, , , , , , , , , ,

In my previous post ‘Earth to Humans: “Get Off Your Merry-Go-Round Ride to Extinction‘, there was some incredulousness as to the use of plants/herbs for control of unwanted pregnancy by indigenous cultures. In order to clear up this question, I emailed Professor Peña and got an immediate response back:

Thanks Mike. There is a very significant – and most likely suppressed, ignored, or flippantly dismissed source of scientific literature. Very few Americans are prepared to learn much from indigenous (read: backward) peoples. The first citation is my favorite and I was first alerted to it by Vandana Shiva since much of this literature has so far focused on India but I know of other examples from Africa, the Middle East, and native North and South America. It is a fairly standard and widely accepted fact among ethnobotany experts. I’ve attached one pdf for your perusal:

Ajesh et al (2012) Herbal abortifacients used by Mannan tribes of Kerala, India

That said, share these citations with your reader. (if you do not have access) I can track down my pdf copies and email them to you, but it’ll have to wait till I get back to my campus computer; I don’t think I have any of those sources at home.

Best regards, and keep sharing as much of my work as you see fit; nice blog by the way! If you all need anything else, please let me know…

For citations, go to:


(Jain, A, et al. Folk herbal remedies used in birth control and sexual diseases by tribals of southern Rahasthan, India)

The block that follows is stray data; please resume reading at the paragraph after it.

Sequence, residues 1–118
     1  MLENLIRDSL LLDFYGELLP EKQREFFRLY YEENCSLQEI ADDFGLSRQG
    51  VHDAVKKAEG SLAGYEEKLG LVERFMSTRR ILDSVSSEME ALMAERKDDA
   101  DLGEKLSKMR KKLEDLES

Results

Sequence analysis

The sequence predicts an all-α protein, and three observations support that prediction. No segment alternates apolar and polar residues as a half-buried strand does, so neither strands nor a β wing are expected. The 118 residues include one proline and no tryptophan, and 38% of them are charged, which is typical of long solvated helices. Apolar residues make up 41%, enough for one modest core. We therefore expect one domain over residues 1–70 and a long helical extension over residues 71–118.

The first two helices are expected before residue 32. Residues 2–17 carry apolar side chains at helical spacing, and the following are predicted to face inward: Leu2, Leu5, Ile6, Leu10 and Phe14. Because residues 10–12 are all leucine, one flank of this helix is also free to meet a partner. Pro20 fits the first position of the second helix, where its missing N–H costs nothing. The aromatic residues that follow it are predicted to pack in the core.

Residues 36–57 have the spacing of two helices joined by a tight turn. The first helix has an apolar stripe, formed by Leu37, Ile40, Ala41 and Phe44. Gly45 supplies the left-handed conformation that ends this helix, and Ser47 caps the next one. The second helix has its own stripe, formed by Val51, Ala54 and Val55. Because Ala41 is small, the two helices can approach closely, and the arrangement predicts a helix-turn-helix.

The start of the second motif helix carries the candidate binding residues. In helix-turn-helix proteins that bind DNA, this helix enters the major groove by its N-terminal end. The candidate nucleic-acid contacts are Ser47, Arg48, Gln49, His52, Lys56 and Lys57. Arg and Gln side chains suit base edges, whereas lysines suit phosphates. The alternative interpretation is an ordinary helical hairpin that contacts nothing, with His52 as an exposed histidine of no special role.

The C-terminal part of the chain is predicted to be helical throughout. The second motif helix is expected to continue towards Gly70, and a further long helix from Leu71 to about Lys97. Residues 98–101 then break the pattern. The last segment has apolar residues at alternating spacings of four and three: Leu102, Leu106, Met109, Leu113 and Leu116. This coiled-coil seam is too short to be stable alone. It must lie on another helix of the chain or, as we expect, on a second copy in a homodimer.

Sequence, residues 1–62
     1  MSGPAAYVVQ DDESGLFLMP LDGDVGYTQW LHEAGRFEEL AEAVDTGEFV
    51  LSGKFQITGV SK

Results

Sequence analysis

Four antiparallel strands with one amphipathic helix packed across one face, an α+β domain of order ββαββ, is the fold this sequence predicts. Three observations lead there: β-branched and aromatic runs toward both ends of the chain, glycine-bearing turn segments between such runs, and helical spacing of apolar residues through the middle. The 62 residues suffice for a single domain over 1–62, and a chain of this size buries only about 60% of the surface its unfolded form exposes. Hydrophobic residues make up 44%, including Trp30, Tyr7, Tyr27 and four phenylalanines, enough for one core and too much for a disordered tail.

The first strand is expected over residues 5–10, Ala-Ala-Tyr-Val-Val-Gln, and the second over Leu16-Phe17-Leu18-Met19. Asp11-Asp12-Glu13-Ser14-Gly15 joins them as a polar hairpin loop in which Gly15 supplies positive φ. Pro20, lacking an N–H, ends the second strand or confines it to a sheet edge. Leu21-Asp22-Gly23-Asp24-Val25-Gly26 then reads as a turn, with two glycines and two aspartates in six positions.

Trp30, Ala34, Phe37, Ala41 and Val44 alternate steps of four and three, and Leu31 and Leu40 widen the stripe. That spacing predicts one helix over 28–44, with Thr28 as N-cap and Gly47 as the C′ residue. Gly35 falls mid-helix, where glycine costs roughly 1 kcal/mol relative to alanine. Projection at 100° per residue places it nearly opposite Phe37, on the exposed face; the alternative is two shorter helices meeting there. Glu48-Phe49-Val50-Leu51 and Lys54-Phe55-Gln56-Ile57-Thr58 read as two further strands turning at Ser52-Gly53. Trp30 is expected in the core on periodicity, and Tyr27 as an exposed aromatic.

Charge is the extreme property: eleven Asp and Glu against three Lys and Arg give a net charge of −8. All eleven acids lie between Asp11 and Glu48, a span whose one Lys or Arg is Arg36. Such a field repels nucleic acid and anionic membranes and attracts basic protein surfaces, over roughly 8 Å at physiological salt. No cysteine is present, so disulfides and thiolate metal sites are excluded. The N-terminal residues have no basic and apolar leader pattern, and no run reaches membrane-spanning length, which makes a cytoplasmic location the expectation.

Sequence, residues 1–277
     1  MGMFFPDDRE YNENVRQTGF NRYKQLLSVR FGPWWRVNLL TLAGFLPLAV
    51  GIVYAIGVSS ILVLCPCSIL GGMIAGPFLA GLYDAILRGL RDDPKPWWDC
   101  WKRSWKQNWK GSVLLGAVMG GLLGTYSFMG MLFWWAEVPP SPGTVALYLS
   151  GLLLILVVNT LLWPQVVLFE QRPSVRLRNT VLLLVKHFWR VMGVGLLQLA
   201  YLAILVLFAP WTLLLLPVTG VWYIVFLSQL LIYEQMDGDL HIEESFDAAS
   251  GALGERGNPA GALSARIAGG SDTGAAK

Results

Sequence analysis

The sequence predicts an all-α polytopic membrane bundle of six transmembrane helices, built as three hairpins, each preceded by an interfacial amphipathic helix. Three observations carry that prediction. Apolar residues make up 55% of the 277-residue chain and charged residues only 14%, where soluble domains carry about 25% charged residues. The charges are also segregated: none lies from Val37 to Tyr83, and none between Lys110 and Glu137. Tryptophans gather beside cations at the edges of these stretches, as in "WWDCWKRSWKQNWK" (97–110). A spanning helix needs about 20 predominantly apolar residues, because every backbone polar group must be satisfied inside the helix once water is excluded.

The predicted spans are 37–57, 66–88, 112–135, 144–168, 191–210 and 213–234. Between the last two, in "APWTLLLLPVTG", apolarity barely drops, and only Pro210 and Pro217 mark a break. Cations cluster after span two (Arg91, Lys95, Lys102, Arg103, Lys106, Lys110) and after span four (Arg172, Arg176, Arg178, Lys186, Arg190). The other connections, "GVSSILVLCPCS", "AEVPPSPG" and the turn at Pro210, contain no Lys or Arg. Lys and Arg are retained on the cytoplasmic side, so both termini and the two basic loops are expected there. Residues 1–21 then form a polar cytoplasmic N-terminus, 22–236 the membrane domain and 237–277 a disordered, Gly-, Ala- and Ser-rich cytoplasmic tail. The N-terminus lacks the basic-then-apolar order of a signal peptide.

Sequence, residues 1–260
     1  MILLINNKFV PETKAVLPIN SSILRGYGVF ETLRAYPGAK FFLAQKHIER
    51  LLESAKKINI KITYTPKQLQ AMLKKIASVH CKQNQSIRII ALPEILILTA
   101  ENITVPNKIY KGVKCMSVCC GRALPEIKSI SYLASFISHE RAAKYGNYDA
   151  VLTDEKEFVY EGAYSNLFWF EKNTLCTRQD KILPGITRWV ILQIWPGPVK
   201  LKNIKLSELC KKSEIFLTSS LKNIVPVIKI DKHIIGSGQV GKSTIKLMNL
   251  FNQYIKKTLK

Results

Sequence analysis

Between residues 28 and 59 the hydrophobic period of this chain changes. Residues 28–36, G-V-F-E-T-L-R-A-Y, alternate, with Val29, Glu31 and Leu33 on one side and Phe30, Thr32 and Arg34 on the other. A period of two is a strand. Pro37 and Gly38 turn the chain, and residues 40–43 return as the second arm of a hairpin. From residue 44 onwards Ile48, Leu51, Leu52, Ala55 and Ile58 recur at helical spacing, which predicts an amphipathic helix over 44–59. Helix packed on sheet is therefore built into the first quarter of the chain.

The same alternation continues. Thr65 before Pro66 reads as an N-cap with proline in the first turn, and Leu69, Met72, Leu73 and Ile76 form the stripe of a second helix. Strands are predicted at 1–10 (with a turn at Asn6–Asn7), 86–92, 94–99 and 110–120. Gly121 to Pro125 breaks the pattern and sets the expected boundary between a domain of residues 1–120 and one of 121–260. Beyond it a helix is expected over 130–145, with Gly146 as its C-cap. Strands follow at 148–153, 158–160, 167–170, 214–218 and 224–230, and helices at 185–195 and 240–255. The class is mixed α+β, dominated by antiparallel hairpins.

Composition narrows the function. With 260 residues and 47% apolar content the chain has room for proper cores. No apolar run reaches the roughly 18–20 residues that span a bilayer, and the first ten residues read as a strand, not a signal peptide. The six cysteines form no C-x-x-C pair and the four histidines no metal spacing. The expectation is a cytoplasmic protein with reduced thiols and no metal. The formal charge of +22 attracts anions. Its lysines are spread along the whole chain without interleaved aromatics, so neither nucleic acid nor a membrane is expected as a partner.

Available on-line: Mitra and Mukherjee  (2009) Some abortifacient plants used by the tribal people of West Bengal, India

I [also] wanted to explain what I know about Zapotec women’s use of plants and herbs for various treatments because some of the abortifacients have other applications. 

The Zapotecs use several tall weedy shrubs to small trees, prototypically Solanum lanceolatum, sosa and/or berenjena. yàg-guièdz-zân [`tree/shrub´ + `disease´ + `child birth´],  are included here.  The fruits are yellow to orange when mature; the name refers to the use of the plant as medicine to treat post-partum weakness and pain; for example, a woman in labor is referred to as mén̲w-zân(`person´ + `childbirth´), disease is guièdz; the woman is bathed in an infusion of the leaves, beginning 15 days after the birth.

It also works as an abortifacient if you drink as tea: three tablespoons three times (se friega `it scours´ the uterus). It is also used to treat wounds and cáncer, i.e., a badly infected wound. In that case, boil, use the whole plant; mix with gordolobo (Gnaphalium spp., Asteraceae) and hierba de cáncer (blàg-chòg, prototypically Tournefortia spp., Boraginaceae) or with canfor; also for swelling (guì); wash with the infusion; it is “hot” (nzæ̌æ); two widely recognized varieties are “smooth” yàg-guièdz-zân-zhǐil and “spiny” yàg-guièdz-zân-guièts. The smooth variety is the best medicine; a very large and very spiny variety grows in neighboring communities, but is not named and is not used as medicine. I hope that is not too much detail, but you did ask.

Devon G. Peña, Ph.D.
2013 NACCS Scholar
American Ethnic Studies, Anthropology, and Program on the Environment
University of Washington
EMAIL| dpena@uw.edu
UW OFFICE| 206-543-1507
MOBILE| 206-228-4876
NGO WEBSITE| The Acequia Institute
BLOGS| Environmental and Food Justice and History and Politics of Mexican Immigration

“Memory is a moral obligation, all the time.”
– J. Derrida

Native cultures appear to have much more knowledge than ‘techno-fix carbon man’ gives them credit for.